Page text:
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Judaism

Signs and Symbols

What should I expect to see if I visit a synagogue?

In many parts of the world, Jewish places of worship have developed architecturally in the context of the local culture. The one architectural feature that sometimes distinguishes synagogues from nearby religious structures is that synagogues often have a central dome. A common decorative item that can mark synagogues externally is the twin tablets of the Law, a reminder of Moses’ reception of the revelation at Sinai. A large Star of David often graces the facade or windows. Synagogues of more contemporary style often place a menorah in front. The menorah is usually of monumental scale, and sometimes even very abstract design.

Synagogues of the various different Jewish communities use their interior spaces in different ways, but the one thing you will invariably see is the Ark. Almost as soon as you enter your eye will be drawn to the back wall. There, a pair of small doors, or perhaps a beautifully embroidered or brocaded cloth, marks the place in which the Torah scrolls are kept. This is the post-Temple version of the Ark of the Covenant. Should you visit during worship ceremonies, you will also see the Torah scroll itself, often cloaked in a beautiful cloth (sometimes tooled silver). Some Torah scrolls are topped with a crown (keter) as a reminder of the kingly, royal status of the divine source. Inside the cloth a binder (mappa) might further protect the scrolls from damage. Many Ashkenazic synagogues in central and eastern Europe also adorn the scroll with a Torah shield (tas). Wealthier synagogues often possess many sets of Torah scrolls, used in rotation for different occasions. In order to keep track of the point in the text at which a given scroll was open, the elaborately tooled silver Torah shield might have interchangeable plates with the word “Sabbath” or the name of a particular holy day.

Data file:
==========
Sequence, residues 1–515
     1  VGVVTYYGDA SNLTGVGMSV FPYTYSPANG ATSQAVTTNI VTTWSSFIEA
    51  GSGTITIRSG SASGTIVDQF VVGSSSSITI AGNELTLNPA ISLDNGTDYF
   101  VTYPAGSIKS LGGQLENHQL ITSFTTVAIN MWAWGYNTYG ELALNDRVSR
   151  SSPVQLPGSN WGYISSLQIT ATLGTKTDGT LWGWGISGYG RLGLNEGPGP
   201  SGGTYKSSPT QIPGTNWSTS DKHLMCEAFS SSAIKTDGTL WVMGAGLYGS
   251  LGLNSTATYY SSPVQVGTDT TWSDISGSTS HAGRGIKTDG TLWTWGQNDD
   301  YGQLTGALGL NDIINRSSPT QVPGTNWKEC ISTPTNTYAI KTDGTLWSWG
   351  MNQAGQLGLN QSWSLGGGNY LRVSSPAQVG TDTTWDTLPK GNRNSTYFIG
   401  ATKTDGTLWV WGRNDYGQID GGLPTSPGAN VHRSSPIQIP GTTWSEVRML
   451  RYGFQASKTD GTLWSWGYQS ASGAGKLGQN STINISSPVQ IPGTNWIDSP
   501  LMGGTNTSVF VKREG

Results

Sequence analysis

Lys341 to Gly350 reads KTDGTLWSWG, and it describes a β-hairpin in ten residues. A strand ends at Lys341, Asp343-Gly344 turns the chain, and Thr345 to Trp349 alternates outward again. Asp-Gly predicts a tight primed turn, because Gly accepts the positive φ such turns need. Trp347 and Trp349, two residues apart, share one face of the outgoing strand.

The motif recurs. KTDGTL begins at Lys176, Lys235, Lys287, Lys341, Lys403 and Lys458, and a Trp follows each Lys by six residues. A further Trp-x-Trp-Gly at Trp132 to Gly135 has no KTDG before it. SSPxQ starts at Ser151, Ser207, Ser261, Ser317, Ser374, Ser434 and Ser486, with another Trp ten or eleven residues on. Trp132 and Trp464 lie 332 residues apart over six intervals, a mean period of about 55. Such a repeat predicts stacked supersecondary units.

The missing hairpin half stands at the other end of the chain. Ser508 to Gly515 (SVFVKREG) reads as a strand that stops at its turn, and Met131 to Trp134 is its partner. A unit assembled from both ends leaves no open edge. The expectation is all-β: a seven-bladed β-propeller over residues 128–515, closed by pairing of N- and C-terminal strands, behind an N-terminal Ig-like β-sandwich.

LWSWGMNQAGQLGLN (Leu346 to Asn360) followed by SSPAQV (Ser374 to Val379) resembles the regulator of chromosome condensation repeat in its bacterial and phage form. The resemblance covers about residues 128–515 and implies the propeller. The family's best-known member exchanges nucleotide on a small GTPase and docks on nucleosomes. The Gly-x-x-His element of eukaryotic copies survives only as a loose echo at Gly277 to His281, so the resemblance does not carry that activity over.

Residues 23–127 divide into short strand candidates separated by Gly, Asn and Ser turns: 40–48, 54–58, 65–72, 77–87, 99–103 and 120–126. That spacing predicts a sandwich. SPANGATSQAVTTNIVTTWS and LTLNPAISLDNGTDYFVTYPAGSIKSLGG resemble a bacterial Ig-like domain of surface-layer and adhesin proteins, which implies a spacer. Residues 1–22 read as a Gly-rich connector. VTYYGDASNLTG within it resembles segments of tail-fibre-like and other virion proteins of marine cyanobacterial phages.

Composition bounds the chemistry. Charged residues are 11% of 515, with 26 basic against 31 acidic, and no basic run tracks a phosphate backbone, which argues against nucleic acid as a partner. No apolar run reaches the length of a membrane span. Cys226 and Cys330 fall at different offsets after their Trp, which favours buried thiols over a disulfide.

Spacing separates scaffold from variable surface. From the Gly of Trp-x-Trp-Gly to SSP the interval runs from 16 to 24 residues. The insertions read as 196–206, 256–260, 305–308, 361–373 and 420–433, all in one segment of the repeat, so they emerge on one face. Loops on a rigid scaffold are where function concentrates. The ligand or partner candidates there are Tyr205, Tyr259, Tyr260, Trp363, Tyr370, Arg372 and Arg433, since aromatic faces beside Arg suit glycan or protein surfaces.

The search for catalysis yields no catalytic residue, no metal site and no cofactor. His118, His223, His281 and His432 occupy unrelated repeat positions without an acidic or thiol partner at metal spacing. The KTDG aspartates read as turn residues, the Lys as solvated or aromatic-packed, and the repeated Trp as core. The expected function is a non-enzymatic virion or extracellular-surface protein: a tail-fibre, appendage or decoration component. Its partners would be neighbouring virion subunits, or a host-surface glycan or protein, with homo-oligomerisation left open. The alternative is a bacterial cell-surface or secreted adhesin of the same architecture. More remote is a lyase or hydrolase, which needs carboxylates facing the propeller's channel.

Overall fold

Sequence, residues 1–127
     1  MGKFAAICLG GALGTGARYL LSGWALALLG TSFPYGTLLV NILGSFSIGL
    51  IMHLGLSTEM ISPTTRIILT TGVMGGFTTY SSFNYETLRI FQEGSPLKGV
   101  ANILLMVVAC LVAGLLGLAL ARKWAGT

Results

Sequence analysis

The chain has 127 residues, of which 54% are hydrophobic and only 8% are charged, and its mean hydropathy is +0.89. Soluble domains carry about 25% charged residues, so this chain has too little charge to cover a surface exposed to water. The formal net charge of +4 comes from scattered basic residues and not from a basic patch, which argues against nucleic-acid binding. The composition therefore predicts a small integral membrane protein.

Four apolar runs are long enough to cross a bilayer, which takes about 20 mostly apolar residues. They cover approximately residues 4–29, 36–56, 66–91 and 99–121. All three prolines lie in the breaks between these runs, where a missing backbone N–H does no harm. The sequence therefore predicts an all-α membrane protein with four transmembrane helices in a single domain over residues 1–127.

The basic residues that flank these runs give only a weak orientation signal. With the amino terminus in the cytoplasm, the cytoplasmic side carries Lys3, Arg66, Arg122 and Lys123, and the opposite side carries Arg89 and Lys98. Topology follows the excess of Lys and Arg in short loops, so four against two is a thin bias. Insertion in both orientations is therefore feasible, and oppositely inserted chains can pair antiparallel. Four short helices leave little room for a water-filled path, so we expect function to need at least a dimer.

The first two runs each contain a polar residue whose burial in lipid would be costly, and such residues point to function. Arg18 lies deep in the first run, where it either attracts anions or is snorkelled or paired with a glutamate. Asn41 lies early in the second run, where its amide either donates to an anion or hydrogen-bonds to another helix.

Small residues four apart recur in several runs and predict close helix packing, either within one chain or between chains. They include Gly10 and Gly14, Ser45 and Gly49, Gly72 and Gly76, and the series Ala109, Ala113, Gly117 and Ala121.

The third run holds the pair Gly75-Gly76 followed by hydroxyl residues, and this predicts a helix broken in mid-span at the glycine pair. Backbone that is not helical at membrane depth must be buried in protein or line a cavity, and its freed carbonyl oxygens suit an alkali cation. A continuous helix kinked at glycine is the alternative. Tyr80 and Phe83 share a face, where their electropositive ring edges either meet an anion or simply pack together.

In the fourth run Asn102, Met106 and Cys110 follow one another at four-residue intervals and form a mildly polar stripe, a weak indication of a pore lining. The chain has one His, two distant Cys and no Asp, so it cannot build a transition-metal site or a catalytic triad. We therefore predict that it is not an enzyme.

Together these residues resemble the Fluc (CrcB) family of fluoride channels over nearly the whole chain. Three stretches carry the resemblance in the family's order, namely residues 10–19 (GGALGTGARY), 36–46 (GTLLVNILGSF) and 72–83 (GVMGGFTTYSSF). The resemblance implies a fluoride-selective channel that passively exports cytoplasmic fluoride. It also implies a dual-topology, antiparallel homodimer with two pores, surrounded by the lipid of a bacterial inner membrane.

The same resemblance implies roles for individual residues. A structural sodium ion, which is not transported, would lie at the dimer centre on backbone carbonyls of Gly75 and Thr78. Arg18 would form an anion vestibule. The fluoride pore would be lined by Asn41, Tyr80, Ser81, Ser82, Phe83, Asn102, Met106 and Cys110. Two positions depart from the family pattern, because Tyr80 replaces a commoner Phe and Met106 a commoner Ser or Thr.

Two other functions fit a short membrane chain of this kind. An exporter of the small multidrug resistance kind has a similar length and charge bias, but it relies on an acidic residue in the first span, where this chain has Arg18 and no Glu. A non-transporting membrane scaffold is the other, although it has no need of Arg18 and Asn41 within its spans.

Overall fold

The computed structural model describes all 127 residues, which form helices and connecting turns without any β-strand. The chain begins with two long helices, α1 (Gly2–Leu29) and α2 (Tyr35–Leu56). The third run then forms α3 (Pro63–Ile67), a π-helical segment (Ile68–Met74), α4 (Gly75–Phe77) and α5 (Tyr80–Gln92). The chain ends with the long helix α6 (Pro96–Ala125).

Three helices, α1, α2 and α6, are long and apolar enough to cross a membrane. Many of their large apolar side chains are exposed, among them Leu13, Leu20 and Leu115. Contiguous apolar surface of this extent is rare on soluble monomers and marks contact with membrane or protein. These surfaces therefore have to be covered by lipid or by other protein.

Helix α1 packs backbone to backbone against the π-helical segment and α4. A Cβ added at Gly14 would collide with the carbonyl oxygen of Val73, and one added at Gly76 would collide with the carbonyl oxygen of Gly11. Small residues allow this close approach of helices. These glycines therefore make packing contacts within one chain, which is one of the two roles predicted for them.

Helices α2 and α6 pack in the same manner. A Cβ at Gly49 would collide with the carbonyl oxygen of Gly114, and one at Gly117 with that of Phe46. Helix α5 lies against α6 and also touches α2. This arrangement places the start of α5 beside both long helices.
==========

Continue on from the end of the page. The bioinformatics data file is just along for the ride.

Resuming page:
Many synagogues will have a bimah (“high place,” also called almemar), a platform on which there is a desk to hold the Torah scrolls for reading. Traditional communities place the bimah, which symbolically replaces the Temple altar, in the center of the space facing the Ark. Reform synagogues move it nearer the Ark, elevated on a stage and facing the congregation. A sanctuary lamp is also symbolic of the sacred presence and is usually located near the Ark. One feature that often distinguishes Orthodox synagogues is the provision of separate sections for men and women, with men typically in front and women behind or to the side, either on the main floor or in a gallery above. Like many contemporary mosques, some synagogues separate genders with a partition running front to back down the center of the main floor.



Main synagogue of Florence, Italy (1882), showing the central dome that has historically been a feature of countless synagogues

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